And a Renaissance castle that is not in the Loire Valley: the castle of La Rochefoucauld, on the Tardoire, Charente, from the Middle Ages to the Renaissance.
8- The School of Fontainebleau, continuation.
The Château d'Amboise where Francis I stayed from 1515 to 1518; when he returned from Marignan in 1516, he established Leonardo da Vinci nearby, at Cloux Castle: Le Clos Lucé (1471, Leonardo da Vinci spent the end of his life there from 1516 to 1519).
The painting, the influence of Leonardo di Ser Piero da Vinci, says Leonardo da Vinci (1452-1519), 1st part.
9- The painting, the influence of Leonardo di Ser Piero da Vinci, says Leonardo da Vinci (1452-1519), Part 2, portraits, a certain Mona Lisa, the happy woman? It's a story! Sfumato, contrapposto ...
And in Paris?
- Sens Hotel (Forney Library), late 15th century ...
- Hotel Kernevenoy (Carnavalet), 1548, continued.
- Hôtel de Sully (from 1625), in the Marais, after the Renaissance.
10- The Castle of Cheverny (1630-1634), the castle of Moulinsart?
A castle of the Loire in the 17th century
A symbol, a region where life is good: we will study together some aspects of the construction, architecture, in France, from the year 1000 to the 17th century; starting with Romanesque and Gothic art (abbeys, churches, cathedrals), our route will lead us to the castles of the Loire of the Renaissance, then to the Gaston d'Orléans wing of the castle of Blois (a crazy dream) 17th century) and Cheverny Castle (17th century): the symbol and spirit of a territory conquered and reconquered, a region of the sweetness of life.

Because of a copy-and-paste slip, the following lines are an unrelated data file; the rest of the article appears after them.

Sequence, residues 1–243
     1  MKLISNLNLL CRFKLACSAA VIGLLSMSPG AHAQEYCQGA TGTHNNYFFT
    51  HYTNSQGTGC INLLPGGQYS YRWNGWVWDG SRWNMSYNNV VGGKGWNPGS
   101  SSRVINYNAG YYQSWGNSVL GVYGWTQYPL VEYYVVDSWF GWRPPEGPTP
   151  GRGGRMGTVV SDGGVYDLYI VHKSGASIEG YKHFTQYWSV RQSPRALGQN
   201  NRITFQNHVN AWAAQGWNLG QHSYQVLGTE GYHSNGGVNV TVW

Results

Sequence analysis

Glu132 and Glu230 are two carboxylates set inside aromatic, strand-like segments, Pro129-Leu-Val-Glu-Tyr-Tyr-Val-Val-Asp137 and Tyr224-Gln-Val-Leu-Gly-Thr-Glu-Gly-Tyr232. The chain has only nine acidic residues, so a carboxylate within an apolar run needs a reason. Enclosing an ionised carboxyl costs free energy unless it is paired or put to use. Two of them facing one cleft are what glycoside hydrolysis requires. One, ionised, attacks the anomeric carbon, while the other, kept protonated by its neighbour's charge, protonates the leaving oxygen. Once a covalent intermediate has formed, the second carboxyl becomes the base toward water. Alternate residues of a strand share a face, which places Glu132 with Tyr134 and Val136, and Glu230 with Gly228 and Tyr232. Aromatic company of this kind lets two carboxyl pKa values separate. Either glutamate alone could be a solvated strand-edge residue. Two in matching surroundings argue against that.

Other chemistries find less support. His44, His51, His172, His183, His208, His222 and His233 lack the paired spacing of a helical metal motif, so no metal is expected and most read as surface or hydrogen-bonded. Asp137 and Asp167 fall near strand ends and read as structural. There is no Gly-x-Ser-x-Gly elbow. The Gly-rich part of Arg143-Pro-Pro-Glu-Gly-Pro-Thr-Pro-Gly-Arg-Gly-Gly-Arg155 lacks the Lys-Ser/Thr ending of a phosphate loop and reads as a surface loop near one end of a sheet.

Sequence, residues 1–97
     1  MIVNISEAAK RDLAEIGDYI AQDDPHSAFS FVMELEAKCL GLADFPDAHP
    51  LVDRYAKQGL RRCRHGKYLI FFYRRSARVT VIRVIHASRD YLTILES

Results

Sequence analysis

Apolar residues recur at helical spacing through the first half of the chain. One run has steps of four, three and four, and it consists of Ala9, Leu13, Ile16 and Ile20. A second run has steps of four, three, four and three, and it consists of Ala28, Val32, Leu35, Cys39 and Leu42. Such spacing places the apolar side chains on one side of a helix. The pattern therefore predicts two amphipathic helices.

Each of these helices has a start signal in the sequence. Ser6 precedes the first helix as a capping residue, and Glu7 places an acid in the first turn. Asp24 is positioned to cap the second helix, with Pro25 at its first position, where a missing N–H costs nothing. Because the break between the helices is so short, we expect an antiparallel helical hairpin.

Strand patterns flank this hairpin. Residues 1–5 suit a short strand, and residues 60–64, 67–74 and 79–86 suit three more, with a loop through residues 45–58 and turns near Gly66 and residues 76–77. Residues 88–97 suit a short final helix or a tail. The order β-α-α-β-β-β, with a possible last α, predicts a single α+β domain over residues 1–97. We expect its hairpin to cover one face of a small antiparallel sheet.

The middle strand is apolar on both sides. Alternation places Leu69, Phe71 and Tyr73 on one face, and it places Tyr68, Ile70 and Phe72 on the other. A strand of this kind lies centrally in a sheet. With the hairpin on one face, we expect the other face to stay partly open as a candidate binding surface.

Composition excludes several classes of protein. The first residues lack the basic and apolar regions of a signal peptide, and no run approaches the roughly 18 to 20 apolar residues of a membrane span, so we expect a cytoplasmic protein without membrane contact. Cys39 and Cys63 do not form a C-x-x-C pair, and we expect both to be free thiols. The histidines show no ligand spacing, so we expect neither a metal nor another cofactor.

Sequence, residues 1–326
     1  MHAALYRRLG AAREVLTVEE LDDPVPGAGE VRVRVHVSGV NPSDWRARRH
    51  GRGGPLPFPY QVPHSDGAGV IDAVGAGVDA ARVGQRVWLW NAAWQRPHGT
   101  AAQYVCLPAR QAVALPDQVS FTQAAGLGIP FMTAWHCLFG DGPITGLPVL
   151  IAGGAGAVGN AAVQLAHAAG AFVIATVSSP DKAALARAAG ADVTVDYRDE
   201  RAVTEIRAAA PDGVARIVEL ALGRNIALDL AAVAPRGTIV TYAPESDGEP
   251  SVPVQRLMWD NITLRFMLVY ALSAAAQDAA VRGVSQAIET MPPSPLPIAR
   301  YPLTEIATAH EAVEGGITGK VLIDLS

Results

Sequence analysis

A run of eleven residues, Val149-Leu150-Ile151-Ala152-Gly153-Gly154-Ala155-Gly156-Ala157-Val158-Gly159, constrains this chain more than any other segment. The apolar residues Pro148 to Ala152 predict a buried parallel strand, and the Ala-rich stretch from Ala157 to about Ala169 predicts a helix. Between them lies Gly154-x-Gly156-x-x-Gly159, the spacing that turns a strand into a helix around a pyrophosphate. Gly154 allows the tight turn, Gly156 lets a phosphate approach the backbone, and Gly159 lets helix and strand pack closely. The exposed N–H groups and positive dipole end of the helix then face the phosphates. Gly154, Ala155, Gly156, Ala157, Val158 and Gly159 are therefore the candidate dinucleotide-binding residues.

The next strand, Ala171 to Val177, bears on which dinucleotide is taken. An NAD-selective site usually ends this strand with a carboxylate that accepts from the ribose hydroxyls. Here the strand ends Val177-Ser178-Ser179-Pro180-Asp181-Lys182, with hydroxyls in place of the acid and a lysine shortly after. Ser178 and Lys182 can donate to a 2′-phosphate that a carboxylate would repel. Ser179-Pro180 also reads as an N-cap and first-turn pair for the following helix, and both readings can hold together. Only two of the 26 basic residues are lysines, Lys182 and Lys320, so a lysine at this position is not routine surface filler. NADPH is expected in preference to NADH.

Course delivered in the form of lectures (lecture) with emphasis on dialogue with students; questions are put to them (this is part of the course) and they can intervene themselves.
Course of "multimedia" type: audio, photo, video.
- In each class, videos, film excerpts and documentaries are presented,
- as well as sound examples (music of the studied time, voices and testimonies).
- Photos of the works and subjects studied are shown systematically; Power Point support or other.
- Some quotes as well as the difficult words are projected for explanation, discussion and pronunciation.
After the session:
Written support distributed at the beginning of the conference that allows students to better organize note taking and revisions
Rating out of 20 - 1 out of 20 controls.
- The exam will be of "multiple choice" type (works, photos, projected videos to identify and check on a list), duration one hour,
- + essay for more advanced levels to be written in French (3 pages on average, double spaced) and to be submitted during the last three weeks of the course (deadline: the final exam in class).
Courses and course hours of instruction are subject to change.
Eligibility for courses may be subject to a placement exam and/or pre-requisites.
Credits earned vary according to the policies of the students' home institutions. According to ISA policy and possible visa requirements, students must maintain full-time enrollment status, as determined by their home institutions, for the duration of the program.
ECTS (European Credit Transfer and Accumulation System) credits are converted to semester credits/quarter units differently among U.S. universities. Students should confirm the conversion scale used at their home university when determining credit transfer.
Please reference fall and spring course lists as not all courses are taught during both semesters.